CM Storm – you may know them as Cooler Master’s new gaming division. Putting out peripherals and accessories with serious attitude, we recently gave their Sentinel gaming mouse some very high marks. Being new to the gaming mouse market, we were shocked that they got things so right on their first time out. Now we get to take a look at their new Sniper Black mid-tower gaming chassis.

According to the Sniper Black’s official product page, the design of the chassis was inspired by ‘military weapons’. While I am not sure about that entirely, I will say that the design reminds me more of gritty, sci-fi military weaponry than a modern-day SCAR-H or M16A4, but I digress… The point is that the Sniper Black just looks mean. Anyone who sees you with it at a LAN tournament will be impressed. In fact, the Cooler Master HAF-922 is very reminiscent of the Sniper Black in style, and they both looks like they could be related to the same bad-ass gaming case progenitor.

Being a sizeable mid-tower, the Sniper Black’s dimensions measure out to 22.3”(d) x 10”(w) x 21.7”(h). Furthermore, the Sniper Black weighs in at 23.42 lbs stock. This is mainly due to the unit’s steel skeleton. Now, not all of the Sniper Black is steel – some of it is a tough ABS plastic and some cheaper-quality metals for the ‘mesh’ areas of the case, which run down the bezel and a good portion of the side-panel.

Where most gaming chassis will have one or two 200mm case fans, CM Storm has chosen to include three of them here. That’s some serious air-flow, and coupled with a 140mm rear exhaust fan and clever vertical heat-dissipating design, it will ensure that your components stay cool. This ‘vertical’ system ensures that the fans which draw air into the case are located on the side and lower half of the case whereas the exhaust fans are placed on the upper half and rear. This takes advantage of a dominant feature of heat, in that it likes to rise naturally. Some cases like to draw air in from the top – fighting heat’s natural tendencies. If you need even more air-flow, there is room for an additional 140mm fan at the very bottom of the chassis.

The three 200mm fans are all tied to the Sniper Black’s control center which can be found on the upper-front of the chassis. On this control center you will find not only the power and rest buttons but also a rotary fan-control speed knob and an LED control (the 200mm fans all have blue LEDs on them to illuminate the chassis). Other nice features of this control center include a microphone, headphone, and eSATA inputs as well as four USB ports and a FireWire port to boot. It’s one of the most full-featured control centers I have seen on a gaming chassis.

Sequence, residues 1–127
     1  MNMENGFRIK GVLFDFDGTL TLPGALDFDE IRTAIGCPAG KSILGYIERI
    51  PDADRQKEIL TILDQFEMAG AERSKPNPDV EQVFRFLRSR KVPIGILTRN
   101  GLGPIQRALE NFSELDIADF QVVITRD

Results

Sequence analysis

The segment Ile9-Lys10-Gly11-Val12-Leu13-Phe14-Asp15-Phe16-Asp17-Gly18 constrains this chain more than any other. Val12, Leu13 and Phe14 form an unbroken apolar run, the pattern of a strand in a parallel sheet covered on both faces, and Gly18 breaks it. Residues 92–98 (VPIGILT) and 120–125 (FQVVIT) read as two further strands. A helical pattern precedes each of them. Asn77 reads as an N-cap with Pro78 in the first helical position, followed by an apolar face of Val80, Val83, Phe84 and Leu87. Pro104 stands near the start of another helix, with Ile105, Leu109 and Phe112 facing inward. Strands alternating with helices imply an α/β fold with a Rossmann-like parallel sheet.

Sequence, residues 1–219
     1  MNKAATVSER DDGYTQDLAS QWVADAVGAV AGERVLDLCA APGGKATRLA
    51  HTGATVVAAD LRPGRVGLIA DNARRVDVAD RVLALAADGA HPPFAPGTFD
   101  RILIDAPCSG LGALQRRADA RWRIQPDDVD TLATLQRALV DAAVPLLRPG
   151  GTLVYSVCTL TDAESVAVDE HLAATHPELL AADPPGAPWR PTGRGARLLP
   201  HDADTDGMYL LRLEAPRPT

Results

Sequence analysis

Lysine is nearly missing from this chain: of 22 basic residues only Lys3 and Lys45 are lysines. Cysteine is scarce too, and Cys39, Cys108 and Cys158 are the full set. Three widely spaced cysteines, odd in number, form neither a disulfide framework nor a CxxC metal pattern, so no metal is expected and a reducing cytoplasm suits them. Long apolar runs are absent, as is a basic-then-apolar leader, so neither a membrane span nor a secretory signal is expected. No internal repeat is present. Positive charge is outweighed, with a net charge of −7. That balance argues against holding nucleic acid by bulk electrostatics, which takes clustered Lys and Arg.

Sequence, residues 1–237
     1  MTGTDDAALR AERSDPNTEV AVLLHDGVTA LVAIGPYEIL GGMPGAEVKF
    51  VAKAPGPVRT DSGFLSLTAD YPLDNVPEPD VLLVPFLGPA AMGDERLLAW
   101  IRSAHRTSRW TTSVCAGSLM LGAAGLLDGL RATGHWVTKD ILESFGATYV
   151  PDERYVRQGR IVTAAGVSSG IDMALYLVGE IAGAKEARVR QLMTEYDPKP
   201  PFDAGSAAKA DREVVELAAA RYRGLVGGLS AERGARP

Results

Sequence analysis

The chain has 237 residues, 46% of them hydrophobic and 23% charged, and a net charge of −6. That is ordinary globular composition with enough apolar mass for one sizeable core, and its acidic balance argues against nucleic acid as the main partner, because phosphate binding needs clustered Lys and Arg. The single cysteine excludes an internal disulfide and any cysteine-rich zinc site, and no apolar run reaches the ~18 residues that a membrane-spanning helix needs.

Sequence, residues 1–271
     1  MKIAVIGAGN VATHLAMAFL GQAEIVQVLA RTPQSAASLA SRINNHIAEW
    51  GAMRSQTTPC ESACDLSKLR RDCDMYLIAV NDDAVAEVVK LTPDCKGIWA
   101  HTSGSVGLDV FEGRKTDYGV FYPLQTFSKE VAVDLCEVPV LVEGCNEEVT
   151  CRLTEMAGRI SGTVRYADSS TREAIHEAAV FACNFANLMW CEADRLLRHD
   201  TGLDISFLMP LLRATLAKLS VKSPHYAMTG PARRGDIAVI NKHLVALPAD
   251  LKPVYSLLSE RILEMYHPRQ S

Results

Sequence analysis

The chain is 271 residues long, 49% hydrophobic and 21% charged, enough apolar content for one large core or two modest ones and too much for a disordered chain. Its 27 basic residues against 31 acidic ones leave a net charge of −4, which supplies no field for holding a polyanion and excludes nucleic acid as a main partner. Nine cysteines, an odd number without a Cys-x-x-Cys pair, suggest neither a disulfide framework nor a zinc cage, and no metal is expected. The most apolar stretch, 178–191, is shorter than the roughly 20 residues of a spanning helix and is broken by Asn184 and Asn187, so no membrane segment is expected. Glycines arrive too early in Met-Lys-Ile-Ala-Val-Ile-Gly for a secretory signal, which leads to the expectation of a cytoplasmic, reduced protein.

Utilizing the 5.25” drive bay locking system found on the Cooler Master HAF series, the Sniper Black can be equipped with up to five 5.25” drives and five 3.5” drives. Installing and removing these drives could not be easier thanks to the previously-mentioned locking system which requires no screws to keep things in place.

Installing components into the Sniper Black chassis is really straight forward. Some of you may be a little put off by the drive locking mechanisms or the bottom-mounting PSU, but give yourself a little bit of time and you should be fine. CM Storm has really put a lot of thought into just how much physical room is necessary to install modern components and it shows. Even our GTX 280 fit inside with no issues. Also, cable management in the Sniper Black is much easier to pull off thanks to the raised motherboard tray. Behind it, you will find about a half inch of breathing room with which to braid your cables about. It is also worth noting that the Sniper Black features a totally screw-less install. This means that you need no tools to put your components in the chassis other than your hands.

Those of you who buy this case will undoubtedly be using a non-stock CPU cooler, perhaps even an all-in-one, liquid-cooled solution. There is roughly 7-inches of clearance between the CPU and mesh side-panel, more than enough for most aftermarket coolers, including the Thermaltake SpinQ and Cooler Master V10 models! Even better is the fact that the motherboard tray has a large square notched-out for bottom-access to the CPU cooler pegs. This means that you will be able to install the cooler without having to fully-remove the motherboard from the tray.

The CM Storm Sniper Black gaming chassis retails for roughly $160 dollars right now from online retailers such as Newegg. While this may be pricey for some, if you are looking for an exceptional mid-tower gaming chassis with some of the best air-flow around, you would be hard-pressed to find a better solution. Couple this with the Sniper Black’s user-friendly features and picking this one up is simply a no-brainer.


Related Articles

About author View all posts Author website

Jerry Paxton

A long-time fan and reveler of all things Geek, I am also the Editor-in-Chief and Founder of